It is my opinion that it isn’t so much a circular flow as much as it is a Hierarchical structured system. The object in this system with the most weight and the least amount of accountability is the Privately owned Federal Reserve. Their business is Money, not freedom and liberty. They do not operate in the interest of the American people – that’s simply not part of their business model. They provide the foundation, they empower wall street, they direct the lobbyists. From this source everything branches out into more diverse functions of lesser weight. All of which support the greater system, all of which can be traced back to the top of the pyramid – the Fed.

    They have their tentacles in everything, for instance the corporate funding of candidates running for office. Look at which candidates get the most corporate funding vs. funding from individuals. It’s interesting. And who gets the most funding from Active Military Personnel.

    My point is, maybe it’s not circular, maybe it’s a hierarchical system just like any other, the sick thing is that it’s Clearly not a function of the United States at the top, it’s a privately owned organization.

    2 cents.

    1. Hi Dalton,

      Thanks for the comment digressing on ownership of the Fed. Yes, perhaps it is more of a hierarchy rather than a circular flow (pun intended)! By any chance, do you have any links or sources that depict the interconnectedness/collusion of the Fed?


      1. Thanks Jonathan, always site your sources! and here they are:

        The Federal Reserve system is made up of member banks per

        2,900 of the nations 7,700 commercial banks are members. [same source]

        law states that member banks must purchase shares equal to 3% of their capital. [same source]

        the largest share holders of these 2,700 member banks are:
        1. Bank of America – $1,082B or about 20%
        2. JP Morgan – $1013B or about 20%
        3. Citigroup – $706B or about 15%
        4. wachovia – $472B or about 8%
        5. Wells Fargo – $403B or about 8%
        6. Goldman Sachs Group, Inc about 6%
        [ ]
        The board of governors, acts as a third party liaison between the Treasure/Senate etc and the larger member banks.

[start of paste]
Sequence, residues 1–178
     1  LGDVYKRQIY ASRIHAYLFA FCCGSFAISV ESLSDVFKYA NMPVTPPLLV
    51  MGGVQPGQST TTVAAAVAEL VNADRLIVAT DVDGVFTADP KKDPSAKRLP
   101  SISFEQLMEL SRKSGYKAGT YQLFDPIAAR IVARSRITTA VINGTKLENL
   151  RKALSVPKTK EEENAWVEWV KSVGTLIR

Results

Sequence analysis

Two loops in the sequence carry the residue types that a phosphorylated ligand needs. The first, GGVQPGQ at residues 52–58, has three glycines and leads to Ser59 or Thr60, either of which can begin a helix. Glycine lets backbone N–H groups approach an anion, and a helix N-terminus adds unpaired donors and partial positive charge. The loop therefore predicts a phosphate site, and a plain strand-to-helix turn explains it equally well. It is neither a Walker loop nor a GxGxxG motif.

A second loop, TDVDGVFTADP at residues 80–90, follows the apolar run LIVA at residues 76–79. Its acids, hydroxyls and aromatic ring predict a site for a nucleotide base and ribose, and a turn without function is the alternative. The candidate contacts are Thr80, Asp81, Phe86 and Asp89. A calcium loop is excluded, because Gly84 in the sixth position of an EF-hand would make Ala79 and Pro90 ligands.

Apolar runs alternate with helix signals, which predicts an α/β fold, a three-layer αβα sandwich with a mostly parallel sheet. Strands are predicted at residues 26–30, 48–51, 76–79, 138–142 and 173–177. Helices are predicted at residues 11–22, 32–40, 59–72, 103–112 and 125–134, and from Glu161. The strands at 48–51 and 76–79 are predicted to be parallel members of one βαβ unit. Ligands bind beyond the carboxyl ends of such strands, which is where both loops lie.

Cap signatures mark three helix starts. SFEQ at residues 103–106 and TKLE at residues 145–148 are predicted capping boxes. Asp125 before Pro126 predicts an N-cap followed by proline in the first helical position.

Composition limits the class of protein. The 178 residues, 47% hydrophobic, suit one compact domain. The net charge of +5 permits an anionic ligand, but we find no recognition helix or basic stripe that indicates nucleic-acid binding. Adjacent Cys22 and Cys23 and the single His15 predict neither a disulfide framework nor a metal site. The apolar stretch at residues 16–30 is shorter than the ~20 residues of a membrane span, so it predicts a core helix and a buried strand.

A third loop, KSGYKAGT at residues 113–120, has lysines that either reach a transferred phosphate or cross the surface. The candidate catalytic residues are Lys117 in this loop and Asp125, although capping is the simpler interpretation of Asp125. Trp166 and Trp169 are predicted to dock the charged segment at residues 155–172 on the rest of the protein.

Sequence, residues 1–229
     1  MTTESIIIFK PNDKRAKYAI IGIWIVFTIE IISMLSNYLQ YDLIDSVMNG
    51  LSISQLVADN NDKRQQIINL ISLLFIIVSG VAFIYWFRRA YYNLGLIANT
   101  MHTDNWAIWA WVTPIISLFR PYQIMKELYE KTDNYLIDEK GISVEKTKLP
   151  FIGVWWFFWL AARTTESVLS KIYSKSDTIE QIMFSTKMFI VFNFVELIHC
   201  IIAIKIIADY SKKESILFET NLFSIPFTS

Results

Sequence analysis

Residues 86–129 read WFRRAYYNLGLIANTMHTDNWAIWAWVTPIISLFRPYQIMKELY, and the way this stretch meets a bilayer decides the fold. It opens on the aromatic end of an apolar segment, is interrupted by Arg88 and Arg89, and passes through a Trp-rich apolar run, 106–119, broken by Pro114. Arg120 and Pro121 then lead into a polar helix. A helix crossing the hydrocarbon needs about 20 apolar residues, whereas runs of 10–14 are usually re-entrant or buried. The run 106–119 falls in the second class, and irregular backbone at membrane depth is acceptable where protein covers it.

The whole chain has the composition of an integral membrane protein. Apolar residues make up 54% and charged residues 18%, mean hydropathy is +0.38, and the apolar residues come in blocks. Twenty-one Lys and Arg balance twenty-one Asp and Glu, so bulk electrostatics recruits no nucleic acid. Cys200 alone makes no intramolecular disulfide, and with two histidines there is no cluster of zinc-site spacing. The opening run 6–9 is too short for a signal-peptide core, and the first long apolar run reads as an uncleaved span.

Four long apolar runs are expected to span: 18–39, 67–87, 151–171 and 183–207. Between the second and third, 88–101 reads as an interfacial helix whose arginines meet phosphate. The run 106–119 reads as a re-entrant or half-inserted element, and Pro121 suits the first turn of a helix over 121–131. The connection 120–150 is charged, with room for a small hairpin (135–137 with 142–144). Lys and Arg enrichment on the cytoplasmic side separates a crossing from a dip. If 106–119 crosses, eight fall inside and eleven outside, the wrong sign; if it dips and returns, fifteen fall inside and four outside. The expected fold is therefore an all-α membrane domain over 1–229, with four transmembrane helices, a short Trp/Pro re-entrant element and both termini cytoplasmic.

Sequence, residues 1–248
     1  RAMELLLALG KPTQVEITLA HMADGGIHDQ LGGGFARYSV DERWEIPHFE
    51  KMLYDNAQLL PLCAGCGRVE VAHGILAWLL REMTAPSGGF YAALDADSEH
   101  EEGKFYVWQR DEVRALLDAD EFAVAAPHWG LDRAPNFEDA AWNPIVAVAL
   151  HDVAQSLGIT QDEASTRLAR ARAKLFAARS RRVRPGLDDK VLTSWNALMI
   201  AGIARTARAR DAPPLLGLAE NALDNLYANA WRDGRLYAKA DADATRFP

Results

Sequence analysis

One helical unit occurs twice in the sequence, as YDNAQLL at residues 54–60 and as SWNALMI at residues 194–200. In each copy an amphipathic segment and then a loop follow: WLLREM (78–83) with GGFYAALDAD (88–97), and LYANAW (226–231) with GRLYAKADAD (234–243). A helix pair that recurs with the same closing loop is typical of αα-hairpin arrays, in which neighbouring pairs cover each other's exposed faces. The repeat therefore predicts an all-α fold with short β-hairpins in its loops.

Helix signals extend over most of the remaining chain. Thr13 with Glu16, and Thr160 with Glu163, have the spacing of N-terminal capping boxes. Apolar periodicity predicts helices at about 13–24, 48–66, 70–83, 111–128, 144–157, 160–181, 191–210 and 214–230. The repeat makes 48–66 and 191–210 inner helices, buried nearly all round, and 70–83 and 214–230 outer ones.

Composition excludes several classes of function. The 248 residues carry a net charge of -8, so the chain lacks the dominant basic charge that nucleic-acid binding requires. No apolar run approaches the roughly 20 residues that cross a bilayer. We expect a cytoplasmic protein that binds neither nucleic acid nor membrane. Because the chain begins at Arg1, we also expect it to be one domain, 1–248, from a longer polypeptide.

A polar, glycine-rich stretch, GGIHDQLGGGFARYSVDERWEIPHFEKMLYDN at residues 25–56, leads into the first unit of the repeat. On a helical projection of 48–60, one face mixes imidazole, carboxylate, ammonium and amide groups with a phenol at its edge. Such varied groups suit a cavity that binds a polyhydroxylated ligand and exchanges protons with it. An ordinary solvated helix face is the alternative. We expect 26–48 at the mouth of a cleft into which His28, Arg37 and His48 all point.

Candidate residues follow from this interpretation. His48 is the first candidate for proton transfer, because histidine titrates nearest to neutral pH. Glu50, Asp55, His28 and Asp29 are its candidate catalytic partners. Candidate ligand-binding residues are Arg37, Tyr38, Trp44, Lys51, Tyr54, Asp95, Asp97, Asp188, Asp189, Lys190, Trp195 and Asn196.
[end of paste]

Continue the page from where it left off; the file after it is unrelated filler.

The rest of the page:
One example in line with my previous comments. Goldman Sachs donated $994,795 to Obama’s campaign. I’m not saying that’s right wrong or indifferent. But if you analyze the function of this effort (the political donations) what is the role of this corporate entity in the greater political system? Will the outcome of an election effect their bottom line?

        Further investigate the lobbyist efforts of Goldman Sachs. A random starting point for convenience

        I could have picked any bank, Goldman Sachs is just the easiest to pick on per general consensus.

        It’s not a secret that the direction of the fed, it’s strategy in markets and it’s role in the American Economy takes place behind closed doors. This is the area where the substantive statistics lie. We don’t have access to this information. That’s why i support the full audit. Here’s the bill

        Because of the interconnectedness of the Fed in our nations political affairs, a bill like this will never see the light of day.

        Any commonsense American would want to know how the Fed manipulates and inflates our money (not that it’s our money but for brevity) But we can’t. access denied. What if we did know what they did with our money? with this business cycle gone wild, this recession. We would know the root cause in plain numbers. The Fed cannot allow that. If it did, people would want to replace it with a real Government entity, accountable to the people by elected office, that would actually work for the people. The Fed cannot have that.

        1. These are great links. Thanks for sharing them. By any chance, have you come across the book End the Fed?

  7. I haven’t read End the Fed yet, but I’m quite sure i would enjoy it. At face value (the book), i think Ending the Fed is a great idea. There’s an alternative to this form of central banking. A nation’s currency should at least be handled by the state, held accountable to the people. I think that’s plain business sense. Even if you kept this disgusting fiat system in it’s current form, it would be better off controlled by a state system regulated by and accountable to the people. And i think we should shrink government wherever possible. I work for a government contractor and it’s blatantly obvious the private sector does EVERYTHING, better than our government, doesn’t matter what it is.

    Thanks again for the article. I’m glad you’re trying to get people to think, and look at this in a meaningful way. Some people are so firm in their convictions they read these sorts of articles and pick out what they like and don’t like just to reaffirm their previously held convictions. There’s a name for that – cognitive bias. We’re all guilty at times. But i like your approach, challenging the reader to think. As shown above that can be offensive to some people. Americans have lost that critical thinking. We don’t think anymore – “why should i do that?” we’ve become so submissive.

    There’s an alternative.